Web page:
Dissertation

Valuing my voice and taking charge: the role of self-authorship in transfer students' access, persistence, and graduation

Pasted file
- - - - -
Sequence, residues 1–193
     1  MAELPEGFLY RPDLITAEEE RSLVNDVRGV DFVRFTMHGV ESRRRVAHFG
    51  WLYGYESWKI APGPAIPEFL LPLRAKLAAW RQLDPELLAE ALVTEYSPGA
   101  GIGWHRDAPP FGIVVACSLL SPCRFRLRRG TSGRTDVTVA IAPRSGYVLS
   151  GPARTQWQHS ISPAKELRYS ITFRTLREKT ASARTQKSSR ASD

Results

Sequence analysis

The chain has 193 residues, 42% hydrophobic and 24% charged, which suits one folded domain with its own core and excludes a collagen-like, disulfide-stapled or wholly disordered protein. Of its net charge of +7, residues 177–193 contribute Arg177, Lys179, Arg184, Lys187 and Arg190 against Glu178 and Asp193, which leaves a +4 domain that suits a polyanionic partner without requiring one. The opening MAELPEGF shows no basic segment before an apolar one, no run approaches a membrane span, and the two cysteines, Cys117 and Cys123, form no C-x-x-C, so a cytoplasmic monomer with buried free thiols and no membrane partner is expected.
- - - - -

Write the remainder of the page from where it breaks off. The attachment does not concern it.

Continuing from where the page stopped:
Through a phenomenological approach, this study aims to identify the developmental experiences of transfer students as they moved in, through, and out of a university. The research techniques used in this study include focus groups and semi-structured interviews. Findings are derived from the narratives and experiences of seven transfer students from a university in the Central Valley of California. Data analysis revealed three main themes. First, transfer students were able to reframe their adversities in the family, institutional, and public spheres and engage in self-actualization. Second, transfer students’ process of self-actualization was based on the enactment of self-authoring practices aimed to sustain three self-shaping stages: reframing, establishing, and balancing the self. Third, transfer students engaged in three types of co-authoring experiences, reciprocity, mutuality, and transaction, that emphasized their initiative to create partnerships and sustain them through specific emotional contracts. The themes derived from this study illustrate how transfer students develop self-authorship before, during, and after their transfer process. The results of this study provide insights to understand the developmental journey of transfer students and the ways in which higher education institutions can create responsive programs and structures to serve this student subgroup.

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